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Bharatan, an assistant editor at The Illustrated Weekly of India, Asia's oldest English magazine till it shut down in 1991, and author of Lata Mangeshkar: A Biography and the recent best-seller A Journey Down Melody Lane, is far from done.
In this, the second segment of his conversation with Patcy N, he reveals how Guru Dutt made composer O P Nayyar run around for Rs 5,000, and much more.
O P Nayyar was an amazing composer. I admired him for the fact that he was the only composer to work without Lata Mangeshkar. Nobody else had the guts.
For Guru Dutt's Aar Paar, he charged only Rs 5,000. But Guru Dutt was not paying him his due.
When Nayyar came to Mumbai, he was put up at the Favell Hotel in Marine Drive, with his wife and little kid. His bill ran up to Rs 412, but he did not have any money.
I C Kapoor, who was a film distributor, intervened and made Guru Dutt pay Nayyar the money.
As Nayyar was leaving Guru Dutt's music room, Guru Dutt entered and asked him to work in his next film as well.
Guru Dutt was very difficult to work with, and O P Nayyar did not want to work with him.
But I C Kapoor convinced him and told Guru Dutt to pay him Rs 10,000 for his next film -- Mr and Mrs 55.
When we heard the song Poocho Na Hamme, Hum Unke Liye from Mitti Mein Sona, we loved it and decided to pay Nayyar a visit to tell him how much we loved the song. At the time, he was not getting too many movies.
He was very pleased when we met him, as nobody was meeting him too.
While we were talking to him, the doorbell rang and Asha Bhosle entered.
Nayyar's wife Saroj Mohini was sitting right there, but did not mind Asha coming into their home even though she knew about their association.
She had come to terms with the fact that if it wasn't Asha, it would have been some other woman.
Does anyone know that she was a good singer, but she had an ultimatum -- as she was the bahu of the house -- to come home by 4 pm and take care of her family and children.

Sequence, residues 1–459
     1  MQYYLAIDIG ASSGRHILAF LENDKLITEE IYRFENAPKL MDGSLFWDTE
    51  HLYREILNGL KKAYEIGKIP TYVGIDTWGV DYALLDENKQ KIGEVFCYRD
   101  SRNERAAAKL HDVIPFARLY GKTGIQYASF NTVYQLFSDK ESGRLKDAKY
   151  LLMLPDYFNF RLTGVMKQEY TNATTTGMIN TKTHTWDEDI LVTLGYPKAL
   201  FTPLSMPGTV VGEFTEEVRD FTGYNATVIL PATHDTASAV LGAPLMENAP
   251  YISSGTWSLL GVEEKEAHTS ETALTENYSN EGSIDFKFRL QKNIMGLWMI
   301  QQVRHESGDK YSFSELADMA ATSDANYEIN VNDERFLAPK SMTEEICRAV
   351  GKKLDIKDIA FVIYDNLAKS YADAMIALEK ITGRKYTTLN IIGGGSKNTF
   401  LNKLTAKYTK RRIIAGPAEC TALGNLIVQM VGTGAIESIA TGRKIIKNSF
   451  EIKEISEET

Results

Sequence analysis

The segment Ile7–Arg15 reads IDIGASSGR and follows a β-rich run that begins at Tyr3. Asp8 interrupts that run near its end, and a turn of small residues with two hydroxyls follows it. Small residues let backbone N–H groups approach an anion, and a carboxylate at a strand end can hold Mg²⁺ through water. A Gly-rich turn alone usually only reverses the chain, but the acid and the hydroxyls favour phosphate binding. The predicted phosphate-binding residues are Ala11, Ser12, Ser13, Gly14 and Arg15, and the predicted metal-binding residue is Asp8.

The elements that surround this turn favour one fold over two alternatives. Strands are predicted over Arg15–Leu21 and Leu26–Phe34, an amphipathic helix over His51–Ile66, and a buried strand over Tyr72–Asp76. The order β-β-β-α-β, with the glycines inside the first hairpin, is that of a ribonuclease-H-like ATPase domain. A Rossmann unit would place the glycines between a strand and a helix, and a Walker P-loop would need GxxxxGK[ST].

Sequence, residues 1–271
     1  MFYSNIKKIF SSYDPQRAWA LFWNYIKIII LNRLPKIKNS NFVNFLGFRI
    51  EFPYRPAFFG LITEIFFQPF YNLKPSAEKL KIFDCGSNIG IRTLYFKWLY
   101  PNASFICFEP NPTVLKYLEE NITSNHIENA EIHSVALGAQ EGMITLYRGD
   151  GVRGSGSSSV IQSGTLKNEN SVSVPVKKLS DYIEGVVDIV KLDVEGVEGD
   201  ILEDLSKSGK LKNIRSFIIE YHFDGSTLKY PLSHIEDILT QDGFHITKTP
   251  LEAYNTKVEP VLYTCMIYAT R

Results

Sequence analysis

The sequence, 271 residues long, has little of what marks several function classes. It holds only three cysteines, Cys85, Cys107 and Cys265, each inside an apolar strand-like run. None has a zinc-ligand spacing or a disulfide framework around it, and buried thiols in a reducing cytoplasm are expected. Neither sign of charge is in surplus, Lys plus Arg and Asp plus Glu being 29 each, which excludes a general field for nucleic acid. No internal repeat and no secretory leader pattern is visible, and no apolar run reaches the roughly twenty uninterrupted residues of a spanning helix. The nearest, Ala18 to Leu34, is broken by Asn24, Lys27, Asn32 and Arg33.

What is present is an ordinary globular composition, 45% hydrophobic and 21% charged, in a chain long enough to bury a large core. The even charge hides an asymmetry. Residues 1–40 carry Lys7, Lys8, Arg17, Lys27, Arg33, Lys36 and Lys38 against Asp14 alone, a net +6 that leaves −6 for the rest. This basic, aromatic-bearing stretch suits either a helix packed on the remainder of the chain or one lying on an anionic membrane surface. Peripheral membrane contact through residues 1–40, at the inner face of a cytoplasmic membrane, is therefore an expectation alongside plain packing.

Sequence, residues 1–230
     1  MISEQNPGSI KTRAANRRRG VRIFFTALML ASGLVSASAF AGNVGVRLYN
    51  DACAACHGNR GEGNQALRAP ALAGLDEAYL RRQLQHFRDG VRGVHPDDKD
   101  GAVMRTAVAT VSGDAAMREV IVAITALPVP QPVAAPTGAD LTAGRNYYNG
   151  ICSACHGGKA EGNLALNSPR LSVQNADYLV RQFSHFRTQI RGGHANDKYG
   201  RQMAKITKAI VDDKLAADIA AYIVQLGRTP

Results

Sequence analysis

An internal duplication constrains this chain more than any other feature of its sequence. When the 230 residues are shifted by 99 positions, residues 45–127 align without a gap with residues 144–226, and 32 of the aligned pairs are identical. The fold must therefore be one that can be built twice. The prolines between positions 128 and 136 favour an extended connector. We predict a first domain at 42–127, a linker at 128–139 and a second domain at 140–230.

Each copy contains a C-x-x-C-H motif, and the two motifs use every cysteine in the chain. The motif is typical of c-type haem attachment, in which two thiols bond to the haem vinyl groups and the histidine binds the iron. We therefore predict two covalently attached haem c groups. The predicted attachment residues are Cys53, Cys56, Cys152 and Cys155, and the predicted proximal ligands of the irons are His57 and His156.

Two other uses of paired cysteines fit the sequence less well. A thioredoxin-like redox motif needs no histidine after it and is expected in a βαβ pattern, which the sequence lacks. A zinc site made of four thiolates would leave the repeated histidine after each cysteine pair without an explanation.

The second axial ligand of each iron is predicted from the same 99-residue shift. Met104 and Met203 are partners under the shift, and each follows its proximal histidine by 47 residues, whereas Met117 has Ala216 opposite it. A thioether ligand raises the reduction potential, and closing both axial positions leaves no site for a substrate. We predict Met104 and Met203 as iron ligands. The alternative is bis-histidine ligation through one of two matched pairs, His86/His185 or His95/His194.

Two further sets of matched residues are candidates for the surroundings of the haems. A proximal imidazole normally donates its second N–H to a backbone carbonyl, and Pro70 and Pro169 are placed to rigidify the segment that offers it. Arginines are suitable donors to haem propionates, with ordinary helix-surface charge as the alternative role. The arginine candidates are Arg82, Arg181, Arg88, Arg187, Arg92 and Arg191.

Geeta Dutt's song recording would sometimes begin at 3:30 pm, how could she reach home on time?
They wanted her to sacrifice her career while Guru Dutt could do whatever he wanted -- even go out with Waheeda Rehman. That is how the problem started initially.
Guru Dutt owes his success to Geeta Dutt. Barring only 3 songs in Jaal (Lata figured in the other four songs), Geeta was the main singer in all of his first seven films.
After Upkar, when Manoj started working on Purab Aur Paschim, he asked Kalyanji-Anandji to get his song played on Radio Ceylon by paying them money. But Kalyanji-Anandji didn't want to spend a dime.
They would assure Manoj that his music would be played on Radio Ceylon, but did not pay the radio station.
So Manoj signed Laxmikant-Pyarelal for his next film.
Manoj could afford to pay for his music to be played on radio, but he did not want to. Those days, the norm was that the music director paid.
Kishore was unsuccessful for such a long time that he signed on those terms and later, it became the norm.
Later when he began asking for money to sing in films he acted in, he was not given a chance to sing. In Begunaah, a song sung by Manna Dey was picturised on him.
Kishore was acting in Ashok Kumar's Raagini, which had music by O P Nayyar. Both Nayyar and Ashok Kumar were superstitious.